Questions for the CanRC (5)

5. It is common for Schilder-influenced theologians to speak of the prelapsarian covenant as a “covenant of favor.” The noun “favor” has often been a synonym for “grace” in Reformed theology. In light of that tradition, how do the CanRCs understand the language of the Belgic Confession Art. 14, when it says, “commandment of life”? Do the CanRCs agree with the declaration of the URCs that “we reject the errors of those…who deny or modify the teaching that “God created man good and after His own image, that is, in true righteousness and holiness,”" able to perform “the commandment of life” as the representative of mankind”?

It is common for Schilder-influenced theologians to speak of the prelapsarian covenant as a "covenant of favor." This is also the preferred term for many in the URCNA, including Rev. Mark Vander Hart, whose section on the covenant with Adam in his Bible study on Genesis 1-11 is entitled, "The covenant of God's favor" (see, Genesis 1-11, Grand Rapids: Reformed Fellowship Inc., 2007, p.60). By using the term 'favor' these scholars distinguish the prelapsarian covenant from the postlapsarian covenant of grace while recognizing the infelicity of calling it a covenant of works.

Jelle Faber, in his article "The Covenant of Works" published in Clarion during the early 80s, rightly pointed out that the Three Forms of Unity, in distinction from the Westminster Standards, have no doctrine of a so-called covenant of works. Moreover, Faber objected to the nomenclature of "works" to describe this covenant because it intimates a legalistic or meritorious conception of human righteousness and fails to recognize the impossibility of humanity to earn or merit anything from God.

This is very much in line with what Calvin says in his commentary on Romans 11:35: "And Paul not only concludes, that God owes us nothing, on account of our corrupt and sinful nature; but he denies, that if man were perfect, he could bring anything before God, by which he could gain his favor; for as soon as he begins to exist, he is already by the right of creation so much indebted to his Maker, that he has nothing of his own. In vain then shall we try to take from him his own right, that he should not, as he pleases, freely determine respecting his own creatures, as though there was mutual debt and credit."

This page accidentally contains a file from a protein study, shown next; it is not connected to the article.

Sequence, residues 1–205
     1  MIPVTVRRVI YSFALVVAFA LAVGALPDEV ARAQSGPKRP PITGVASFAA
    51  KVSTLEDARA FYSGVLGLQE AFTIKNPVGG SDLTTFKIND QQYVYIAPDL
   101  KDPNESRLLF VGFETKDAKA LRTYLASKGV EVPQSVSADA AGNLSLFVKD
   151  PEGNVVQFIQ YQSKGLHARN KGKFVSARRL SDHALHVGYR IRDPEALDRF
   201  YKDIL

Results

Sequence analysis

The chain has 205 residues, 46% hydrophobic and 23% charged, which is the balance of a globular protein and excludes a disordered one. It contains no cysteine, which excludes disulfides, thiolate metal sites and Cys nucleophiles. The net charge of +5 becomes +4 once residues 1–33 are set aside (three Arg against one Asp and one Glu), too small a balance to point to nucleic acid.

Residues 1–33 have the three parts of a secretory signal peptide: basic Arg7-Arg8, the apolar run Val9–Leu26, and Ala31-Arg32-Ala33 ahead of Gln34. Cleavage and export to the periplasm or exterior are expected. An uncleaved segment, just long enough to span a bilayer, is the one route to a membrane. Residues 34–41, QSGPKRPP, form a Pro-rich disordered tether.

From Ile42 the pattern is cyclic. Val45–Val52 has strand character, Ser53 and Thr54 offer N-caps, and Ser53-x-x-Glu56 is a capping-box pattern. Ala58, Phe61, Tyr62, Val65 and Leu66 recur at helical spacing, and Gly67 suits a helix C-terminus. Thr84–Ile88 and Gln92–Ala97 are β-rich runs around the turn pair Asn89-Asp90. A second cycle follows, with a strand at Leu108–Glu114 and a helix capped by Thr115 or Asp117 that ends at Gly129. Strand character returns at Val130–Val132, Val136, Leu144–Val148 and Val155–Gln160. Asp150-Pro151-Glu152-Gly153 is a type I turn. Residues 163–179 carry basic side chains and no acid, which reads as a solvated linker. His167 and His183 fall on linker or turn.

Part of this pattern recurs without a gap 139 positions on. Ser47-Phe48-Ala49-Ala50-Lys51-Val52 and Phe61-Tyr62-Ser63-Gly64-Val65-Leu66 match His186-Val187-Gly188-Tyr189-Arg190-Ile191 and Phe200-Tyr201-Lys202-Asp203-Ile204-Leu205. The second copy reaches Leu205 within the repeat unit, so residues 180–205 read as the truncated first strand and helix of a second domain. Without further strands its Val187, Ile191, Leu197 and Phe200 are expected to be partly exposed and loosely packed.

Lyle Bierma argues that Calvin saw the prelapsarian covenant with Adam as gracious. The sign of the tree of life was intended "to lead him to the knowledge of divine grace" (Comm. Gen.2.9). This view was shared by Ursinus, the primary author of the Heidelberg Catechism: “Ursinus too always presents this primal relationship in the context of divine grace — in both the Cat. maior and the commentary on HC.” The prelapsarian relationship is “surrounded by grace.” When Adam and Eve fell, “they robbed themselves and all their descendants of that grace of God.” Latin: voluntaria inobedientia se et universam posteritatem suam illa Dei gratia spoliarunt (From Lang, Der Heidelberger Katechismus).

Bierma concludes: Ursinus “consistently places this relationship in the context of divine grace. For him grace is not just a redemptive concept; it is manifest already in the original righteousness conferred by God at creation and repudiated by us at the fall. . . . Calvin’s emphasis on divine grace in the prelapsarian relationship with Adam clearly resurfaces in Ursinus.” This is from Bierma's essays,“Law and Grace in Ursinus’ Doctrine of the Natural Covenant: A Reappraisal” in Protestant Scholasticism: Essays in Reassessment, ed. Carl Trueman and R.S. Clark, UK: Paternoster Press, 1999.

Summing up John Owen's position, Sinclair Ferguson writes, "Eternal life by the covenant of works would not give a man ground for boasting, since that life would be his because of God's promise, not because of his merit. . . . This emphasis on grace on Owen's part is all the more significant in view of the strictures sometimes passed on federal theology" (in Owen on the Christian Life, Edinburgh: Banner of Truth Trust, 1987, p.23). Many Can Ref folk see the covenant with Adam along the lines of De Graaf, Berkouwer, Hoekema, Hoeksema and Murray.

How do the Canadian Reformed understand "the commandment of life" in Belgic Confession, article 14? If one sees the next sentence as epexegetical--a likely interpretation-- "transgressing the commandment of life" means "breaking away from God, who was his true life." God had commanded Adam not to eat of the tree of the knowledge of good and evil and to violate that command was to invite death.

Lastly, Do the CanRCs agree with the declaration of the URCs that “we reject the errors of those…who deny or modify the teaching that “God created man good and after His own image, that is, in true righteousness and holiness,”" able to perform “the commandment of life” as the representative of mankind”? I can't think of any reason why a Can Ref minister would not find this perfectly acceptable.

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